According to the California EPA, "Californians set the pace nationwide in their love affair with cars". The state’s 34 million residents own approximately 25 million cars—one for every adult aged 18 years or older.
Smog is created when nitrogen oxides (NOx) and hydrocarbon gases (HC) are exposed to sunlight. The five gasses monitored during a smog check are Hydrocarbons (HC), Carbon Monoxide (CO), Nitrogen Oxides (NOx), Carbon Dioxide (CO2), and Oxygen (O2).
On a cumulative basis, California has the worst air quality in the nation. Ozone and particulate matter are of greatest concern.][ The current control programs for motor vehicles cost $10 billion per year.
In 1998 the Air Resource Board identified diesel particulate matter as carcinogenic. Further research revealed that it can cause life-shortening health problems such as respiratory illness, heart problems, asthma, and cancer. Diesel particulate matter is the most common airborne toxin that Californians breathe.
Between 2005 and 2007 air pollution led to almost 30,000 hospital and emergency room visits in California for asthma, pneumonia, and other respiratory and cardiovascular ailments. A study by RAND Corporation showed the cost to the state, federal and private health insurers was over $193 million in hospital-based medical care. John Romley lead author of the study. said "California's failure to meet air pollution standards causes a large amount of expensive hospital care." According to the American Lung Association, California’s dirty air causes 19,000 premature deaths, 9,400 hospitalizations and more than 300,000 respiratory illnesses including asthma and acute bronchitis.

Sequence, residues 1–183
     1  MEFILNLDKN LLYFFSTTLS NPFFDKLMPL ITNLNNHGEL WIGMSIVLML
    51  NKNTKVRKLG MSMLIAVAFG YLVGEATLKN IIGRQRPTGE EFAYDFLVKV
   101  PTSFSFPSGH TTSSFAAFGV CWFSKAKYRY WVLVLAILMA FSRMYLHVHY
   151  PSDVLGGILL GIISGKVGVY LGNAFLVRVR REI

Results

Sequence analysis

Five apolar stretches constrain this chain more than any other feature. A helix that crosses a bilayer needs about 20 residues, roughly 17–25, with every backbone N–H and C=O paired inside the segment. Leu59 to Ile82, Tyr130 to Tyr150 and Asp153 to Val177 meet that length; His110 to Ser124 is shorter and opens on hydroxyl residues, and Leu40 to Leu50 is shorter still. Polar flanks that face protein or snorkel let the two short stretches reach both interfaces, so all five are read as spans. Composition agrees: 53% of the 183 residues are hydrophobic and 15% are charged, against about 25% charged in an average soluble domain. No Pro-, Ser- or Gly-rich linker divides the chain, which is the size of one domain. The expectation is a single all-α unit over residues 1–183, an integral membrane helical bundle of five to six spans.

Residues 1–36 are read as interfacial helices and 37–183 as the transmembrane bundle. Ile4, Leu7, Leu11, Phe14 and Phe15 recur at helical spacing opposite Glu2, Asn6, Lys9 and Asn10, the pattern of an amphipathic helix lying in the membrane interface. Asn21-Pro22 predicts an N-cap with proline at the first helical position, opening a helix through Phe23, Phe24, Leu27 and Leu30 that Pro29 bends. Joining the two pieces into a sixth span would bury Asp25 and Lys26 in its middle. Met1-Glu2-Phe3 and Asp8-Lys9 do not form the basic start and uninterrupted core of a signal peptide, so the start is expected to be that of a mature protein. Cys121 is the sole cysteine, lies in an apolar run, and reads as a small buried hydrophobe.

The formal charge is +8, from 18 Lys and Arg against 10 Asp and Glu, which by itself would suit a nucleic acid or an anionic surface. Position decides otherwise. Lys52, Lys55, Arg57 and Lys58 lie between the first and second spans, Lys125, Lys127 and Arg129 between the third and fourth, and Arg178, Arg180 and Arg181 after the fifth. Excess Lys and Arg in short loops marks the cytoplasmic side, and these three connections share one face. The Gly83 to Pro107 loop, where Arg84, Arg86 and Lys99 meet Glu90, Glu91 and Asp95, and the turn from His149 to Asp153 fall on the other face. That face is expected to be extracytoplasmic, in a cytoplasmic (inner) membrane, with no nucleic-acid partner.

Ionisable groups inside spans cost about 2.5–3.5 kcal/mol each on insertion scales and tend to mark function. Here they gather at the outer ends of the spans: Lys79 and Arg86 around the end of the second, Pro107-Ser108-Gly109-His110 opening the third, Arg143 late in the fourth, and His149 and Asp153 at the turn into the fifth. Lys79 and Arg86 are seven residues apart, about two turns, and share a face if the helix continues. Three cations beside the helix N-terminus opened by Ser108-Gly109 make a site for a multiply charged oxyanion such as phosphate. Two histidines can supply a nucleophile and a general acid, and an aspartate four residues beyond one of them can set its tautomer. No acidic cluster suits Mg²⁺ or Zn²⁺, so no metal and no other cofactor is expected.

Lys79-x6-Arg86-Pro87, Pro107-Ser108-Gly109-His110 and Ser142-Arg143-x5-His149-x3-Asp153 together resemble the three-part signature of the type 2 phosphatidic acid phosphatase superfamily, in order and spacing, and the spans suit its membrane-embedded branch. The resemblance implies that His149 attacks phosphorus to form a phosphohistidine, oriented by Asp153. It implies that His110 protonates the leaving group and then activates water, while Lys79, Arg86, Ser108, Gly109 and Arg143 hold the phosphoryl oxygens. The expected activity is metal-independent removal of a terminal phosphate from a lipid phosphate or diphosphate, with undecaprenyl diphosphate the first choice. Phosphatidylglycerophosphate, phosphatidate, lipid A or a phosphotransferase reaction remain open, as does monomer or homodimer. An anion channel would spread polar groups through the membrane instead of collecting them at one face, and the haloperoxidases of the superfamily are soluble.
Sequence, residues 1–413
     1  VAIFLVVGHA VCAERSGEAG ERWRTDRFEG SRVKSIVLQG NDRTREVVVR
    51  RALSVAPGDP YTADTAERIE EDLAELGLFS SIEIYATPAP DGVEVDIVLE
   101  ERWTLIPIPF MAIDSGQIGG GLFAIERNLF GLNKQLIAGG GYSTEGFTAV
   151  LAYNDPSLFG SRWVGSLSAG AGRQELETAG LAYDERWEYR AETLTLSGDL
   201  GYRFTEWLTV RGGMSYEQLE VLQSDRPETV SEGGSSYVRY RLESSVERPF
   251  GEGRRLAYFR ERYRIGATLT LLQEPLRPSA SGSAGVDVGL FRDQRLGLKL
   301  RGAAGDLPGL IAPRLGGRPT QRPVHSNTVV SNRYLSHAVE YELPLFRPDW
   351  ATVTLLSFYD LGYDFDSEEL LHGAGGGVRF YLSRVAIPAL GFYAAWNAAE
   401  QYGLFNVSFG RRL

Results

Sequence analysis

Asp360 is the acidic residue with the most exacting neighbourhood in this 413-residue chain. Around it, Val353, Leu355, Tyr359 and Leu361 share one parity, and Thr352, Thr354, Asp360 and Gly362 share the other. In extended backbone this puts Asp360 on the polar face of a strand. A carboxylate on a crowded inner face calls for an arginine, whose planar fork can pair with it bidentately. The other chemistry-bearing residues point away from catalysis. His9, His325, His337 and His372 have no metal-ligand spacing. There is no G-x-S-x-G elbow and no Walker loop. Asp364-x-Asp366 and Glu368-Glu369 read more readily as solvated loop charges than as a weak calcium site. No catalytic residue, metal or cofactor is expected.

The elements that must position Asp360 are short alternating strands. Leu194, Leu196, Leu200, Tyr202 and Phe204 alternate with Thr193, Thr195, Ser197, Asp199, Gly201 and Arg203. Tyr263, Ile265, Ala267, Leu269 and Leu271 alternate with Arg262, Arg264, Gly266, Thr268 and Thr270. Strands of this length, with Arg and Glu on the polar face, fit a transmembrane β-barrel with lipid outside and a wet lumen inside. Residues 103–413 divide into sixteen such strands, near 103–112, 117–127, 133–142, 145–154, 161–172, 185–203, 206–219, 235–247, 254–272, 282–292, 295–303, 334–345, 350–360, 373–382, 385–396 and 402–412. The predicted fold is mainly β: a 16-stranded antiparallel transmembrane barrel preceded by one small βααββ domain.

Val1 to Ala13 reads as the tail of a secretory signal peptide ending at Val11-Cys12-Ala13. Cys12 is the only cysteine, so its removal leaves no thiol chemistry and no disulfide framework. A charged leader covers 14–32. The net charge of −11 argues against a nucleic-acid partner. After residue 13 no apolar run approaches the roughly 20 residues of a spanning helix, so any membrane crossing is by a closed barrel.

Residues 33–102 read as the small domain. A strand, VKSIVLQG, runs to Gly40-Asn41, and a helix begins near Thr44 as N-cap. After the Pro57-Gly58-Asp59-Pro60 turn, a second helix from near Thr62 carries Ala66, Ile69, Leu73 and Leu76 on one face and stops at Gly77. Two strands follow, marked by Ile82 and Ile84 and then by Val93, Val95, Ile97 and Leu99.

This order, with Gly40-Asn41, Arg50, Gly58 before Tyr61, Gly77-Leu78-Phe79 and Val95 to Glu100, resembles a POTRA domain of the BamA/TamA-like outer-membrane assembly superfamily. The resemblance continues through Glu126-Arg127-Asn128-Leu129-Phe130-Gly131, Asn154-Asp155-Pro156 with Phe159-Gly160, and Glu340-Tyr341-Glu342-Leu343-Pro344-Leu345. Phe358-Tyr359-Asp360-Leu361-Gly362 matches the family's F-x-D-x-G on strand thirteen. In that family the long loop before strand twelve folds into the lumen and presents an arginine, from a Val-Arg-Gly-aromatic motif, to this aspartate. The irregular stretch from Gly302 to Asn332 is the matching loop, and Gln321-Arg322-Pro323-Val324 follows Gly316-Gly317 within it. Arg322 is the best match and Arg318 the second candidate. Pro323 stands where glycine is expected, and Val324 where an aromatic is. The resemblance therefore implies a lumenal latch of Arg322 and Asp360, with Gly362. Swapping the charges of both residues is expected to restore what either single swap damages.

A study of children living in Southern California found that smog can cause asthma. The study of over 3,000 children showed those living in high-smog areas were more likely to develop asthma if they were avid athletes, when compared to children who did not participate in sports.